In early January, most of Barack Obama's senior staff assembled with the president-elect for a meeting inside a windowless, eighth-floor office at the transition headquarters in Washington. It was a pivotal moment in Obama's transformation from candidate to commander-in-chief. Obama's advisers had taken all of his campaign pledges, factored in his promise to reduce the deficit, and put together a provisional blueprint for governing. For the first time, Obama would get a sense of how his proposals fit together in the real world.
Obama sat in the middle of a rectangular table with the budget projections in front of him. He said he was mostly happy with what his advisers had produced. Investments in energy and education, plus real progress on reducing the deficit--it was all in there, Obama noted. But then the president-elect turned to his one major concern: a key item that was not, in his opinion, sufficiently funded. "Here's my guidance to you," one participant recalls Obama saying to the group. "Protect health care."
It wasn't the first time that health care had seemed to get short shrift from Obama's advisers. Nor would it be the last. Indeed, there were moments during the transition and the early weeks of the administration when it appeared that the push for comprehensive health care reform might collapse before it had even begun. During this time, a debate raged inside the administration, with some senior officials arguing that the new president should wade into health care gingerly--or even postpone it altogether--because it would cost too much, distract from other priorities, and carry huge political risks.
Ultimately, however, these arguments failed to carry the day, and health care reform, against what occasionally seemed like long odds, managed to find a sizeable place in Obama's budget. The story of how that happened--as conveyed in interviews with more than a dozen administration insiders representing a wide variety of viewpoints--provides a window onto the political and personal dynamics that dominate the new White House. It also offers insights, some of them surprising, into the management style of the president himself.
The divide among Obama's counselors was never over whether to pursue health care reform or even what it should look like in the end. Pretty much every top official serving in the administration believed that health care reform was a worthwhile project--and that the goal should be to give everybody insurance while making steady progress on reducing the cost of medical care. What divided Obama's team was the question of how to pursue reform--in particular, how quickly.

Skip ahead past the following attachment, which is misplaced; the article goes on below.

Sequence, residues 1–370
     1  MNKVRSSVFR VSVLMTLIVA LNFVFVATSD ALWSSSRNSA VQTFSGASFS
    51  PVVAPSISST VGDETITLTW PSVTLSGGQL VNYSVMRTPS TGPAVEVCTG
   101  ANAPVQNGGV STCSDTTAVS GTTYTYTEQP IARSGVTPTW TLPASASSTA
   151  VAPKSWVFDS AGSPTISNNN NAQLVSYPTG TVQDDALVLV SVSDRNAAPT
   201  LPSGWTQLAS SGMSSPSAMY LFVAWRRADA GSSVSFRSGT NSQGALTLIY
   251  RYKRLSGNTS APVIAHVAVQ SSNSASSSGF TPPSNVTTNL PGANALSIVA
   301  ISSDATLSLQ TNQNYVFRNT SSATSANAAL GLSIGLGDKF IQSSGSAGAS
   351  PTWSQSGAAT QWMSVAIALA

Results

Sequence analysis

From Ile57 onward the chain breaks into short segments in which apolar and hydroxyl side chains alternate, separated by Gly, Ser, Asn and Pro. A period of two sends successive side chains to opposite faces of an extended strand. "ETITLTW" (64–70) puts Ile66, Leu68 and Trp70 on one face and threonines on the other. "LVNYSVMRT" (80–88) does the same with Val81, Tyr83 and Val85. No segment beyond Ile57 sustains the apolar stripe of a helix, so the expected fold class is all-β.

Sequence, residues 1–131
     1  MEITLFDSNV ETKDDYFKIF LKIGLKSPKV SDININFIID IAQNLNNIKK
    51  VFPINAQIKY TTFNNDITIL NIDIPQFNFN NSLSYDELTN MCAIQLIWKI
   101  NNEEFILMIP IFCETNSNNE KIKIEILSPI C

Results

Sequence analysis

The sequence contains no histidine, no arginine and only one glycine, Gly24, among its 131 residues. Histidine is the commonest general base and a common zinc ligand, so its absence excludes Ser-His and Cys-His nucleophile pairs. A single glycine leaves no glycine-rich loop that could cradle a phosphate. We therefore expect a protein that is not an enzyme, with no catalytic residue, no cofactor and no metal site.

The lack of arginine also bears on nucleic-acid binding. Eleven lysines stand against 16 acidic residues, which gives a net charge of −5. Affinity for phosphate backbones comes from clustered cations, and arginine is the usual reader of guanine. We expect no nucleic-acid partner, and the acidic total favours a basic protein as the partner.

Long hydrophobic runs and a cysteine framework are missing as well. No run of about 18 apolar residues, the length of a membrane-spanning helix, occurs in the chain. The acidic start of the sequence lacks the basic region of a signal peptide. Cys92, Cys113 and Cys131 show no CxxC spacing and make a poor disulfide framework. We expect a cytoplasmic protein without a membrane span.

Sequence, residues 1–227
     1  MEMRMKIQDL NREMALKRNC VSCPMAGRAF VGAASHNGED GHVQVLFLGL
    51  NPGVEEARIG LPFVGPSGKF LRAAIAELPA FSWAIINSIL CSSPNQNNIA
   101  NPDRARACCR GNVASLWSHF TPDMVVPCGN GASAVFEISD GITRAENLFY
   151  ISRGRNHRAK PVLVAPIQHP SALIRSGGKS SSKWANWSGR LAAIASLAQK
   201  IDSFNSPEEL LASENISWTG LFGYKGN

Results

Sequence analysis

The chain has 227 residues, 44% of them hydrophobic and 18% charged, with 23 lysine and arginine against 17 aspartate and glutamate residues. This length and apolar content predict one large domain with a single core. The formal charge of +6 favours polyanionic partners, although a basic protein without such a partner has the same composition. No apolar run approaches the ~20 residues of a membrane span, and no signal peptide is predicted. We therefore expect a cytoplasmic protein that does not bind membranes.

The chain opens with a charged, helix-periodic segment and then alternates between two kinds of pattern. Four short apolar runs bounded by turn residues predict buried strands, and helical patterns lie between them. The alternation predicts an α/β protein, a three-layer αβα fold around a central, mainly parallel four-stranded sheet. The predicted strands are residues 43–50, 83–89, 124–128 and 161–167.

That tension stretched back to the campaign, when Obama's political strategists advised him to soft-pedal the topic. One of them was David Axelrod. Although personally acquainted with the flaws in our health care system because of his disabled daughter, he also understood public opinion: The middle-class voters whose support politicians covet were worried about the cost of insurance, but their enthusiasm for universal coverage seemed shallow. Obama, though, always insisted on keeping health care prominent in the election. "He said, 'I want to do health care as president,'" one senior adviser paraphrased, "'and I can't do health care if I don't talk about it during the campaign.'"
The commitment was not just rhetorical. Behind the scenes, Obama had told former senator Tom Daschle to prepare for a prominent role in shaping his health care agenda. Daschle began reaching out to various players in the debate, in order to lay the groundwork for a legislative push in 2009. Shortly after the election, Obama formally tapped Daschle to become both secretary of Health and Human Services and head of the newly created White House Office of Health Reform. During a December meeting in Chicago, Obama affirmed his interest in moving forward on the health care plan he'd touted during the campaign.
But, while Daschle shared that goal, others had doubts. Axelrod's anxiety hadn't dissipated since the election. And now he had a new ally in Larry Summers, whom Obama had appointed to head the National Economic Council. One concern for Summers was the diversion of presidential and staff attention from other issues, like the economy. Mostly, though, Summers worried about money. Experts generally believe it will take years before better use of information technology, more preventive care, and other reforms start to yield serious savings. At least in the short run, health care reform is therefore likely to add to the government's financial burden--during a time of rising deficits. This made Summers uncomfortable.
Peter Orszag, director of the Office of Management and Budget, was more openly enthusiastic about pursuing reform. Health care had become an obsession for Orszag in his previous job as head of the Congressional Budget Office. Via speeches, op-eds, and, most famously, his own blog, he never missed an opportunity to tell people that the country faced a long-term fiscal crisis--not so much because of Social Security, as was commonly assumed, but primarily because of Medicare and Medicaid. The most sensible way to get a handle on those programs, Orszag said, was to get a handle on all medical costs, public and private--something best done in the context of a sweeping reform that also extended coverage to all Americans.
Still, Orszag shared Summers's growing worries about the deficit--and wondered, in addition, whether too much deficit spending would alienate moderates on Capitol Hill. As a result, he urged that any health care reform pay for itself, or at least come as close as possible. The trouble was, finding that revenue within the health care system meant raising taxes on insurance or services, or enacting substantial cuts to Medicare and Medicaid--moves sure to spark intense political opposition. (Another key player with similarly complex views was Treasury Secretary Tim Geithner, a deficit hawk who also backed ambitious moves on health care.)
It was amid these conditions that the debate over the budget got underway. A series of formal and informal discussions unfolded in the White House and outside it, and Obama was not present for all of them. Particularly in Obama's absence, the voices of the skeptics often predominated. "It was scaring the hell out of the rest of us," says one of the advisers who favored more aggressive action.